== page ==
Archery is one of the fastest growing sports in the UK. Whether you’ve been inspired by childhood memories of playing Robin Hood or bitten by the archery bug, thanks to popular TV series like Arrow or movies like Hunger Games, it’s easy to see why.
If you’re reading this post then chances are that you’re just starting out on your journey to becoming an expert bowman. But, before you jump to buying the coolest looking compound bow you can find—just because that’s what Oliver Queen uses—it’s worth taking a moment to learn about the different types of bows and what they offer.
Archery bows have evolved a lot from the traditional yew bows on display in history museums. These days many are constructed from high-tech materials such as fibreglass and carbon fibre, and some have advanced shooting mechanisms. The four main types of bows available include recurve bows, compound bows, longbows and crossbows.
Most people will start their archery journey with a recurve bow. However, that doesn’t mean that they’re not suitable for skilled archers; modern versions of the recurve bow are used in Olympic events.
These bows are named for their distinct shape: the central parts of the limbs curve toward the archer, and the tips of the limbs curve away. This configuration is designed to reinforce the archer, providing more power with less strength needed to use the bow. Because of this, recurve bows are frequently used to teach archery. Beginners will usually start out with a barebow recurve, consisting of two bow limbs; a riser, to help balance the bow; a string and an arrow rest.
The modular construction means that most modern recurve bows can be easily disassembled for portability. Additional components such as sights, pressure buttons, clickers and stabilisers can also be added to the bow to accommodate a more experienced archer.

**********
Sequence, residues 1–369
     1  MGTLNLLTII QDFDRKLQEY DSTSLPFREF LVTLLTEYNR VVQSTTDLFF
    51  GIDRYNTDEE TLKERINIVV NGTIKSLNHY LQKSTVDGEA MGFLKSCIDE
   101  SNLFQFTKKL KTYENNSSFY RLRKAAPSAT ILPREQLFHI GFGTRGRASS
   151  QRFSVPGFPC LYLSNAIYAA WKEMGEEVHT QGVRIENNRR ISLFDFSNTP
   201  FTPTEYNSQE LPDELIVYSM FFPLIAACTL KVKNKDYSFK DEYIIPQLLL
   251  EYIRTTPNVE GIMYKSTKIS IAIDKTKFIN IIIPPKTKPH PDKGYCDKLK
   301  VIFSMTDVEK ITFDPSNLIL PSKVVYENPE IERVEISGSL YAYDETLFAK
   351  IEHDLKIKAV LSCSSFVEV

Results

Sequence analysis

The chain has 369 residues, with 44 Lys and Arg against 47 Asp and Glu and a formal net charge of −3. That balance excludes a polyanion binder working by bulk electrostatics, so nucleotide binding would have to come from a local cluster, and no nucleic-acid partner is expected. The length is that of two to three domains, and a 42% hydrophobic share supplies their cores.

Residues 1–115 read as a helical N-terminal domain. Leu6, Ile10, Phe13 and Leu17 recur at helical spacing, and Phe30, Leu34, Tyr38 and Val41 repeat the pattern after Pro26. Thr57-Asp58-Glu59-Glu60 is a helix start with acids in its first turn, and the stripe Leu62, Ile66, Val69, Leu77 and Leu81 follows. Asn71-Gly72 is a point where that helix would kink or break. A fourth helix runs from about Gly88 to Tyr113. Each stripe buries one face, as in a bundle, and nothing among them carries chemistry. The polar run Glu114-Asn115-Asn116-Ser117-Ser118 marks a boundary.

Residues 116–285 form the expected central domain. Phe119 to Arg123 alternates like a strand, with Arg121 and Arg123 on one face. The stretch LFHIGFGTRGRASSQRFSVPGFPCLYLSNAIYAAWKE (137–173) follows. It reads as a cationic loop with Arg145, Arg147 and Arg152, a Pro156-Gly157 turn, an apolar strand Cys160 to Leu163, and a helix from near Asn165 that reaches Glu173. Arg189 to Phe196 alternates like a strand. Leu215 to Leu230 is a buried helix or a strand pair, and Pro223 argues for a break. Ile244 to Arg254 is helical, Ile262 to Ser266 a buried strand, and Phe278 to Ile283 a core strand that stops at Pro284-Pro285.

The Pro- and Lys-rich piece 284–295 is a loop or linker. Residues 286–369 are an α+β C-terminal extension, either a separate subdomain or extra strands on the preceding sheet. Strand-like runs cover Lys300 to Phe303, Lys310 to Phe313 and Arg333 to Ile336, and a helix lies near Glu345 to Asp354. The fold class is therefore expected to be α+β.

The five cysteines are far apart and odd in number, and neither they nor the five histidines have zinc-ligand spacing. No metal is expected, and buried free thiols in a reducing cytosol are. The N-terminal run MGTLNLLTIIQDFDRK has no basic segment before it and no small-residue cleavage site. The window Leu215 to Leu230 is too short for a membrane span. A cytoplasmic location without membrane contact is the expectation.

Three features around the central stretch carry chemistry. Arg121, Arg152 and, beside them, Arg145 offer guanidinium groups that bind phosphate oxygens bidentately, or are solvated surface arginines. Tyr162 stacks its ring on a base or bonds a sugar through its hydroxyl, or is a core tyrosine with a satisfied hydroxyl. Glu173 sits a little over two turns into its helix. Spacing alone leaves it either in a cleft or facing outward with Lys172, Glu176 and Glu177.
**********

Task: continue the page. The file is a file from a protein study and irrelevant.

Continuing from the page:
Compound bows were invented in the 1960s and are the most modern archery bow type. They utilise an innovative system of cables, pulleys and eccentric cams to assist the archer in holding a heavy draw weight. While drawing the bow still requires a good deal of strength, the pulley system kicks in at full draw and helps the archer hold the draw weight for a longer period of time, without excessive muscle fatigue, so that they can focus on aiming.
Unlike recurve and tradition bows, compound bows are almost exclusively constructed from man-made materials. This means that they are less affected by changes in temperature and humidity than bows made of natural materials, which tend to warp over time. While compound bows provide better accuracy, distance and arrow velocity, they are typically not used by beginners because of their inherent complexity.
Traditional bows are characterised by their simplicity: they consist of a long, slightly curved piece of wood the same height as the archer and do not have arrow rests or sights. As such they are much more difficult to aim than more modern bows and do not have nearly the same velocity as compound or recurve bows.
Known as the ‘medieval bow’, longbows were first recorded in use during a battle in 1298 and were a dominant weapon on the battlefield until the mid-16th century. Because of its simplistic build and high-level of difficulty, it’s truly a bow that the best archers seek to master.
Unlike the other bow-types on this list, crossbows have a short bow positioned horizontally. They are believed to have originated in China, as far back as 600 B.C, and were commonly used in battle. In modern times, they are mainly used for hunting and sports.
The bows are drawn by way of a crank mechanism; the string is then attached to the trigger mechanism and locked in place until the archer fires. Crossbows have short firing ranges and need heavier draw weights to perform on the same level as compound and recurve bows. These bows are frequently used for target archery, but be advised that regulations on crossbows can be quite strict and vary between countries and states (in the US), so make sure you are familiar with your local laws.
Featured image: Susanne Jutzeler/Pixabay